Everyone knows the Miami Marlins will be entertaining. As the subjects of a reality show — Showtime’s “The Franchise” — the Marlins probably will make the Kardashians look well-adjusted.
The bigger question is, will the Marlins be any good?
The answer hinges not on the team’s most colorful characters — Ozzie and Hanley, LoMo and Big Z — but on the low-key, oft-injured right-hander, Josh Johnson.
If Johnson makes 30 starts, a plateau he has reached only once in his career, the Marlins should contend.
If not, we’re looking at a potential 25-man pileup inside the Marlins’ new ballpark in downtown Miami.
Never mind shortstop Jose Reyes, nicknamed “Mr. Energy” by left fielder and social-media deity Logan Morrison.
Never mind right fielder Mike Stanton, whose powerful abdominals look not like a six-pack, according to owner Jeffrey Loria, but a “distributorship.”
And never mind closer Heath Bell, who says he is not in his prime or past his prime, but in his “midlife-crisis prime.”
The most important Marlin is Johnson, who did not pitch after May 16 last season because of inflammation in his right shoulder.
Johnson, 28, threw live batting without incident Tuesday, prompting Loria to pronounce that he will be “fine.” Well, that’s easy to say now. Check back in June.
“Josh Johnson, if he gets hurt and misses significant time, it’s going to be tough to do what we want to do,” left-hander Mark Buehrle says.
Every team with an ace is in the same position, but Johnson is more fragile than say, CC Sabathia. Only once has Johnson remained healthy for an entire season, in 2009.
The Marlins’ predicament, then, is twofold.
They’re not the Philadelphia Phillies, who boast multiple aces. And they’re not the Tampa Bay Rays, who go seven or eight starters deep.
The rest of the Marlins’ rotation — Buehrle and righties Anibal Sanchez, Ricky Nolasco and Carlos Zambrano — should be quite presentable. But what are the odds that all five starters will be healthy and effective all season?
Therein lies the problem.
The dropoff to the Marlins’ other rotation candidates — left-handers Wade LeBlanc and Sean West and righty Alex Sanabia — is considerable. Yet, the team likely will need one of them before the season is over, and maybe all three.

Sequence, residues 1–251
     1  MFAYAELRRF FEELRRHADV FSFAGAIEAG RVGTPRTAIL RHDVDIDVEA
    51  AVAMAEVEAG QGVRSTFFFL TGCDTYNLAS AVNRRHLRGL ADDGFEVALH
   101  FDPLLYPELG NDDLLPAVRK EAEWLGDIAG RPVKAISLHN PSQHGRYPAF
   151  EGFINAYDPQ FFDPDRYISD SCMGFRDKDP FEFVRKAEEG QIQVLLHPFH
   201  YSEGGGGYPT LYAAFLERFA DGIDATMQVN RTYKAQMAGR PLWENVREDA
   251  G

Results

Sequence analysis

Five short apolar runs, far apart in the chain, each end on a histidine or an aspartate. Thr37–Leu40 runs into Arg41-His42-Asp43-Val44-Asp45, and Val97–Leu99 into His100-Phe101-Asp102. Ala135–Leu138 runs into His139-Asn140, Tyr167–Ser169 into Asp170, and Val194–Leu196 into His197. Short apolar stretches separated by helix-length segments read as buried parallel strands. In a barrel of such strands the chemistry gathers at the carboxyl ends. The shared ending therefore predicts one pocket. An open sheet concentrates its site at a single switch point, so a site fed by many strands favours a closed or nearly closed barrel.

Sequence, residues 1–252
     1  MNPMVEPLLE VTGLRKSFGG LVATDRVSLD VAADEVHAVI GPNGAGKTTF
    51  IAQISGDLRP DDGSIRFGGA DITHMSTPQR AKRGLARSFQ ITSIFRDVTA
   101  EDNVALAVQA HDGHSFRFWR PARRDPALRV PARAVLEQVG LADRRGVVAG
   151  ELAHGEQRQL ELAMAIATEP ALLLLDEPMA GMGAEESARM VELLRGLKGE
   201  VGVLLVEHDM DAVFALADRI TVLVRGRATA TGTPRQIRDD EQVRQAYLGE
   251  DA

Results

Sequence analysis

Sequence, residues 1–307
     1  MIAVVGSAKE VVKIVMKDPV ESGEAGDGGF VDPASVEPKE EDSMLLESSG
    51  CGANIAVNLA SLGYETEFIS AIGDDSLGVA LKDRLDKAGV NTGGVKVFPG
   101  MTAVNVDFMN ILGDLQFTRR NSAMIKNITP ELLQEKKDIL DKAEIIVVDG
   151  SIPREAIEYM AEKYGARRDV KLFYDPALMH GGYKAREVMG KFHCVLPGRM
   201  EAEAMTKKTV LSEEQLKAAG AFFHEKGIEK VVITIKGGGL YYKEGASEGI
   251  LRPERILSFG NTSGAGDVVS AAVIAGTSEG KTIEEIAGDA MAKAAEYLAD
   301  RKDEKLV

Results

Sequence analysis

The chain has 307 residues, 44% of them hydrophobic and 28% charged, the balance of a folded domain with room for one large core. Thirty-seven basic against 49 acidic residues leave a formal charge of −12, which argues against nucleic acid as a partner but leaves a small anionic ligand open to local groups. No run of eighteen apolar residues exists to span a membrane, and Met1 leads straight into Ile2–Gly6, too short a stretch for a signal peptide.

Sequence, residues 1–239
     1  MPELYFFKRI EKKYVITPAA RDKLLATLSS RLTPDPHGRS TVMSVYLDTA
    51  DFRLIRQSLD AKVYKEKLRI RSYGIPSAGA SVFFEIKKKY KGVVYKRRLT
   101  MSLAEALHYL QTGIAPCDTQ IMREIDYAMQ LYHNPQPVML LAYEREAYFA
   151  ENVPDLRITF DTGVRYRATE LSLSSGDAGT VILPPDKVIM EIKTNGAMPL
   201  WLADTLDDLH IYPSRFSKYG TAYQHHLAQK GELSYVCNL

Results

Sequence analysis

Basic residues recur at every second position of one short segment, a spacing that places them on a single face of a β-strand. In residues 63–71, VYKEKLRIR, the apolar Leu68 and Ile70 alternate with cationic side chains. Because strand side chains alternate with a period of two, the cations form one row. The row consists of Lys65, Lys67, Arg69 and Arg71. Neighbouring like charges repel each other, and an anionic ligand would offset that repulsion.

So, it’s easy to see how quickly the Marlins can teeter. But it’s also easy to see why they are so excited about their potential. The offense, in particular, could be downright electric.
Reyes already is making an impact, practicing at game speed, energizing his teammates. Guillen notes that the shortstop is pushing the temperamental Ramirez to have fun. Morrison adds, “He came in the locker room that first day and everyone brightened up.”
“I’m happy all the time, but I can’t smile that much,” Bell says.
Of course, the Marlins committed $106 million to Reyes not for the difference he will make off the field, but the tone he will set at the top of the order.
Guillen, who grew frustrated with his lumbering White Sox teams in Chicago, says he wants even Stanton and Morrison running. Emilio Bonifacio or Omar Infante will hit second behind Reyes, but Guillen says he is leaning toward Bonifacio for the speediest 1-2 punch.
From there, the lineup is rather imposing.
Ramirez, who is coming off surgery on his left shoulder but looks terrific in early drills, will hit third, followed by Stanton, Morrison, Gaby Sanchez, John Buck and Infante (or Infante and Buck).
One concern: The Marlins lack a quality backup at short if Reyes gets injured. Guillen says he will not move Ramirez back to short from third base. But if Bonifacio is in center, Donnie Murphy would be the leading alternative to Reyes.
The emergence of another center fielder could alter the equation, and Bell believes that Aaron Rowand, a non-roster invitee, could become Comeback Player of the Year. Chris Coghlan, coming off two knee surgeries, is another possibility. But Bonifacio, coming off a breakout season, deserves to play every day.
The bullpen, which ranked sixth in the NL in ERA last season, is another potential strength. Bell will close, and the Marlins are deep from both the right side (Edward Mujica, Ryan Webb, Steve Cishek) and left (Mike Dunn, Randy Choate). In addition, many of their best prospects are hard-throwing relievers.
The wild card is Juan Carlos Oviedo, the pitcher previously known as Leo Nunez, who is trying to obtain a visa to return to the US. Guillen jokes that he would use Oviedo in the seventh and Nunez in the eighth, saying he would have “two guys in one . . . 13 pitchers, 12 bodies.”
Kidding aside, the Marlins’ party line is that none of their players needs to have a career year; if everyone merely performs to expectations, the team will contend.
Sounds reasonable enough, but one player looms above all.
Not Hanley, LoMo, Big Z or any of the Marlins’ other reality-TV stars.